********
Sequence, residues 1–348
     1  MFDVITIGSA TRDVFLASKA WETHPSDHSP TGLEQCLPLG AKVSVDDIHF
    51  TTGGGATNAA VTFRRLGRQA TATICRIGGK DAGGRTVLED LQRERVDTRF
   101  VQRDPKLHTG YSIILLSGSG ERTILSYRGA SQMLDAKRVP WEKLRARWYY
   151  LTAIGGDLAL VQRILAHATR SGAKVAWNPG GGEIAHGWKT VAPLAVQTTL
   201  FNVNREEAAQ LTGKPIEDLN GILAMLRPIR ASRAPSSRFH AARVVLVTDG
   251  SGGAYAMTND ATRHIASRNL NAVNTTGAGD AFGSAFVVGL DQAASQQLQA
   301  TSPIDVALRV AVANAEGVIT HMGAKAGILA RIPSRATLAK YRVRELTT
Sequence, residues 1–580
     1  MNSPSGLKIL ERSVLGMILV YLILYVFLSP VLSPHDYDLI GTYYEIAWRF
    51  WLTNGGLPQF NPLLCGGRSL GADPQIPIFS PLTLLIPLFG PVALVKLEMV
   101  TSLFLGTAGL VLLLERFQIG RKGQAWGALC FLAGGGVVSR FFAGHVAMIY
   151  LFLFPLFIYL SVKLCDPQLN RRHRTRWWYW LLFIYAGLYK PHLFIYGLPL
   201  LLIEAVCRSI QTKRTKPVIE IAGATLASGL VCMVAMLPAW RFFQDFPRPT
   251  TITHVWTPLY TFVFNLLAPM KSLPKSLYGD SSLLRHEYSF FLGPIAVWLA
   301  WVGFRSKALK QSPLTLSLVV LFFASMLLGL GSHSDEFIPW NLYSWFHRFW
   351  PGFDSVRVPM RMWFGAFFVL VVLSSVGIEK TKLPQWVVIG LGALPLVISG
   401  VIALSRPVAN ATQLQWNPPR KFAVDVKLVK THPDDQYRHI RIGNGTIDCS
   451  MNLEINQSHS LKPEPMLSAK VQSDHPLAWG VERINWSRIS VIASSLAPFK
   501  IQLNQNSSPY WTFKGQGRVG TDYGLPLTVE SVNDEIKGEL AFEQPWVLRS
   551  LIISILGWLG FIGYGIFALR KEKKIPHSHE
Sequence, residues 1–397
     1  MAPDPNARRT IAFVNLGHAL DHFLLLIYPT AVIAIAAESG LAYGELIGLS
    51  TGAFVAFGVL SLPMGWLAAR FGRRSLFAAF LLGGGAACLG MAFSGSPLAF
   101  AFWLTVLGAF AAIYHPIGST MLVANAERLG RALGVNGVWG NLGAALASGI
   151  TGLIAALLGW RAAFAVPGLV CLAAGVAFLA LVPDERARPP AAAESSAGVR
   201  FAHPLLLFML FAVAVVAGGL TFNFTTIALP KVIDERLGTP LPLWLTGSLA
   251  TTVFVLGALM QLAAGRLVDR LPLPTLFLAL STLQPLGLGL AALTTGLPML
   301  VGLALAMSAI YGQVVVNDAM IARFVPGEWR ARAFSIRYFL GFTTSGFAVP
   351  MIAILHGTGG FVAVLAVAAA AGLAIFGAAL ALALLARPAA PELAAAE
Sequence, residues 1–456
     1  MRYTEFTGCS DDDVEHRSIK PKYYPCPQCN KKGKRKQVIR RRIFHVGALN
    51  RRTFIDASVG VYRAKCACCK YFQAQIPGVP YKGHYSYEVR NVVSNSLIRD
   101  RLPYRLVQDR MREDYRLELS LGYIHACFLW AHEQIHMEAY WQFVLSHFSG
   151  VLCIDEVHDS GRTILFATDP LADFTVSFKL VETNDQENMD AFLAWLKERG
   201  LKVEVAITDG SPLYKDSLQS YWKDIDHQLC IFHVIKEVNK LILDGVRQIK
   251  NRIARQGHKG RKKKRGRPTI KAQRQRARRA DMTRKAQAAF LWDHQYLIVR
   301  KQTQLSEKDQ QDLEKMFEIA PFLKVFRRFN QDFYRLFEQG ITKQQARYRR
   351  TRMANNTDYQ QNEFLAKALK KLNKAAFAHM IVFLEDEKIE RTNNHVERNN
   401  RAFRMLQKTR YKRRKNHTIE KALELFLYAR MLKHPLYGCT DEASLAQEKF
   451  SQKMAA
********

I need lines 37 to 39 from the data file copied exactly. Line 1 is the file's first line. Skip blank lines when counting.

   251  NRIARQGHKG RKKKRGRPTI KAQRQRARRA DMTRKAQAAF LWDHQYLIVR
   301  KQTQLSEKDQ QDLEKMFEIA PFLKVFRRFN QDFYRLFEQG ITKQQARYRR
   351  TRMANNTDYQ QNEFLAKALK KLNKAAFAHM IVFLEDEKIE RTNNHVERNN